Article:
In order to curb the menace of human trafficking from across the Indo-Nepal border, the Sashastra Seema Bal (SSB) has drawn a roadmap along with all stakeholders, including the NGOs, working against human trafficking.
Within a of span of 10 days since the road map was put into place on April 10, the SSB was able to nab four human traffickers and rescue 12 minors from the clutches of human traffickers on three different locations on Indo-Nepal border while crossing over to India.
“Human trafficking is just another name of modern day slavery, wherein the victim involved are forced, coerced and deceived into labour and sexual exploitations, the figures are scary. A workshop was also conducted by SSB in this regard and now this has yielded results by virtue of showing tremendous coordination,” said Archana Ramasundaram, Director General, SSB.
Not only this, the SSB has also signed a MoU with National Skill Development Council (NSDC) for providing skill development and better opportunities to the victims and potential victims so that can they lead an independent life .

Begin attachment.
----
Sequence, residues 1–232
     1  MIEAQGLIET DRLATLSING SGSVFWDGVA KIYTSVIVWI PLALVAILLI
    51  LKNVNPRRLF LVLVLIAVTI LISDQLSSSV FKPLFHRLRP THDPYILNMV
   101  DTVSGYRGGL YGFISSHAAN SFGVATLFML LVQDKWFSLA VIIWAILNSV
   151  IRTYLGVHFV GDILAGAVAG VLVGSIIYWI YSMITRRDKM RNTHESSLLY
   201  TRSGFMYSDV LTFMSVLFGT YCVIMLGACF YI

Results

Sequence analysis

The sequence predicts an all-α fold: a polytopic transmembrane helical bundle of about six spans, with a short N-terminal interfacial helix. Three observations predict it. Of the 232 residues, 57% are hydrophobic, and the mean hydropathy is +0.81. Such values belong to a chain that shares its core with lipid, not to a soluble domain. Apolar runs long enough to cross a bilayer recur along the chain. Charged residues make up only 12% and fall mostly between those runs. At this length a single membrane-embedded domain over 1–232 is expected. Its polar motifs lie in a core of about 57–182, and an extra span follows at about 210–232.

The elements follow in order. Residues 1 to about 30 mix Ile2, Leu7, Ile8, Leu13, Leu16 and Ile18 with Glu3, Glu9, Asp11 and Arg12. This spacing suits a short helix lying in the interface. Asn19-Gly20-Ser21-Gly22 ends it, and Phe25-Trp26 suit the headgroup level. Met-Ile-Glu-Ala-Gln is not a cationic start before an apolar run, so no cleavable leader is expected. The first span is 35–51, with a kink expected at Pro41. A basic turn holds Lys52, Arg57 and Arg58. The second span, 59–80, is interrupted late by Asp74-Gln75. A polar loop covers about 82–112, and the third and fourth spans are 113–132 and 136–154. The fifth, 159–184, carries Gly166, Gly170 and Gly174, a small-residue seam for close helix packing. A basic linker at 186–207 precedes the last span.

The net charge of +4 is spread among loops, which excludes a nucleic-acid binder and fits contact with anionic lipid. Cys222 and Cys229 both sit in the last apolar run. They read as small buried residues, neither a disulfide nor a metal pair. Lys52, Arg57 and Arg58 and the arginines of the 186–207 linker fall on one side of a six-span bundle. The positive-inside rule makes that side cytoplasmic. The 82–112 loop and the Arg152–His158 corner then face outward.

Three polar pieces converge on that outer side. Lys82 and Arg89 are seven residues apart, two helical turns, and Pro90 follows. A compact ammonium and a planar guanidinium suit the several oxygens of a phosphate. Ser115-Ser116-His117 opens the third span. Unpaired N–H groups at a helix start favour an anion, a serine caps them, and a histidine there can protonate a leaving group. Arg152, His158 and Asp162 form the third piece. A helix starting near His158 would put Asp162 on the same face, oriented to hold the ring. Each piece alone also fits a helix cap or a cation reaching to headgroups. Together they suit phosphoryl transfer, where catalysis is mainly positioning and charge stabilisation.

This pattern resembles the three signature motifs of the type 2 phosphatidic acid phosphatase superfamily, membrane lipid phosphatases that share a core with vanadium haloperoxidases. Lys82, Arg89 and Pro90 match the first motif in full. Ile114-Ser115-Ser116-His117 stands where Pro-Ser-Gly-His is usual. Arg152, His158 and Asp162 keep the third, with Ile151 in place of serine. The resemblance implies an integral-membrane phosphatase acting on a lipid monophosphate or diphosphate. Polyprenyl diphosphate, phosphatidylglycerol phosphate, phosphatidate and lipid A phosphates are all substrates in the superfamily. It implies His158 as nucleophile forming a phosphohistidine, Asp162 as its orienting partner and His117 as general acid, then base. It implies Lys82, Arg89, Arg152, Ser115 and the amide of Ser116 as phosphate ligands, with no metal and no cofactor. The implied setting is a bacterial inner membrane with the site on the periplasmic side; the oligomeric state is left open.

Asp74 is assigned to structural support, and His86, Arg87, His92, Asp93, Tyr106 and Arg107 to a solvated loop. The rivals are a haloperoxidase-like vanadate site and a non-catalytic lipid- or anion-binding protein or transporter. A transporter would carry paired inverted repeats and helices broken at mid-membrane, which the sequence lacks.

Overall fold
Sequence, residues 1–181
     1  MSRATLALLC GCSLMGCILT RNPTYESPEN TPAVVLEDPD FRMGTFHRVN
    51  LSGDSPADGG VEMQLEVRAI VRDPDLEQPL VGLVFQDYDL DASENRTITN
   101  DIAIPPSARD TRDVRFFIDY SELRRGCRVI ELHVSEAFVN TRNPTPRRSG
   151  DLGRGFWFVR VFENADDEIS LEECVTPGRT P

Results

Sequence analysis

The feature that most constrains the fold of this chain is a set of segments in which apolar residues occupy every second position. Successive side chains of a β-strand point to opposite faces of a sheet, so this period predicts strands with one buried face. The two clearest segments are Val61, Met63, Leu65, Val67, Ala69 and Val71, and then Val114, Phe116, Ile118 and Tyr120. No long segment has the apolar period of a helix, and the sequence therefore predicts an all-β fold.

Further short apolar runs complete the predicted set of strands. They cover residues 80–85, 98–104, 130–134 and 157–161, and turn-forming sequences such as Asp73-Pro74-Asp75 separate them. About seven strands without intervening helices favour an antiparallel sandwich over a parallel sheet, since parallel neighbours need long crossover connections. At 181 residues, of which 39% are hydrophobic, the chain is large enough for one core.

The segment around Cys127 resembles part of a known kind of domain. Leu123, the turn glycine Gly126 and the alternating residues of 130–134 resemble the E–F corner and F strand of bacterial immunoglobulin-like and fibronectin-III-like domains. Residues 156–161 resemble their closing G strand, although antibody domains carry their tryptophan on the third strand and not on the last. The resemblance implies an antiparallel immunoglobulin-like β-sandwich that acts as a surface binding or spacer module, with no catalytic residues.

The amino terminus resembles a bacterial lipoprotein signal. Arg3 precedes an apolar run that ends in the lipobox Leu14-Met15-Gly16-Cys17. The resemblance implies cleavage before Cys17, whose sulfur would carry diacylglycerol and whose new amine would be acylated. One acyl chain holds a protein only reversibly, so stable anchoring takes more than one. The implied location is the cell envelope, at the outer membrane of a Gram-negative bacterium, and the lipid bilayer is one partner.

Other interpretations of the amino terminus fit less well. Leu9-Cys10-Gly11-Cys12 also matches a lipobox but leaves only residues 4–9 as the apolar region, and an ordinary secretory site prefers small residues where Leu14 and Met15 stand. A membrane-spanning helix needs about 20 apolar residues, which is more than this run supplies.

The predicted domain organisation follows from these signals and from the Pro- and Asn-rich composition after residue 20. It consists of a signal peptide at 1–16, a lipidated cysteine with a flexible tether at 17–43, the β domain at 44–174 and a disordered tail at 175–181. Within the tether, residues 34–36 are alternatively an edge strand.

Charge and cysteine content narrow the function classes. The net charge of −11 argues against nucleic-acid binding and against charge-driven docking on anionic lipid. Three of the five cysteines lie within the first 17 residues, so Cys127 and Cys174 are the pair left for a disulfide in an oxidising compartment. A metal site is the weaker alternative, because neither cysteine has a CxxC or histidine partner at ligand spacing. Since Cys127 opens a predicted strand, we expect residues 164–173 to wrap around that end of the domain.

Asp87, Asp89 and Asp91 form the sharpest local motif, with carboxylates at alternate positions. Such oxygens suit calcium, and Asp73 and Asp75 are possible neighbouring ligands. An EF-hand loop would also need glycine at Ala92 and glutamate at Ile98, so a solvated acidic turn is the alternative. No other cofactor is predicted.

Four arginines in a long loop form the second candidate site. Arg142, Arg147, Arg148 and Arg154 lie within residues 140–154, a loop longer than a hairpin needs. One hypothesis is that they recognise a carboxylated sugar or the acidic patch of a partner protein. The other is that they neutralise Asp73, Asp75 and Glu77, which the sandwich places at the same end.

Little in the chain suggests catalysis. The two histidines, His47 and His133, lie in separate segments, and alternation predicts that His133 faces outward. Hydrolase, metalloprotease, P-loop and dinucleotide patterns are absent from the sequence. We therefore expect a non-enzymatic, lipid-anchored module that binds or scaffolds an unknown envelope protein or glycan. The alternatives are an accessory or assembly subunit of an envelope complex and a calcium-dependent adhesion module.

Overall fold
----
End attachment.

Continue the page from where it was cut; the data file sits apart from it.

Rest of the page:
As per the road map, emphasis is on use of technology and softwares such as Impulse for better monitoring of the cases and also keeping track of victims, their rehabilitation and prosecution of offenders.
Nepal is primarily considered a country of origin — a source for human trafficking. Victims of trafficking from Nepal move to India or the Middle East or even to Europe. As per Nepal’s official figures, the Ministry of Women Children and social Welfare of Nepal had identified 26 of Nepal’s 75 districts as trafficking prone. Majority is from the hills, ethnic and schedule castes.
India shares 1751 kms of porous borders with Nepal and 699 kms of porous borders with Bhutan and the SSB is mandated by Central Government to guard Indo-Nepal and Indo-Bhutan borders. After the deployment of SSB on these borders human trafficking has been curtailed to considerable extent.
“The common place understanding of trafficking as akin to prostitution is often responsible for general ignorance to the other forms of exploitations such as child labour, slavery, adoption, organ trading, sex tourism etc. the complexity of the phenomenon, its multidimensional nature, its rapid spread worldwide and confusion surrounding the concept has made urgent and essential need to understand the various aspect of the phenomenon,” the DG said.
The workshop was intended to bring along all the stakeholders fighting against the menace of human trafficking to a common platform from across Indo-Nepal and Indo-Bhutan Border and also in the area of responsibility of SSB which extends up to 15 kms from the International border.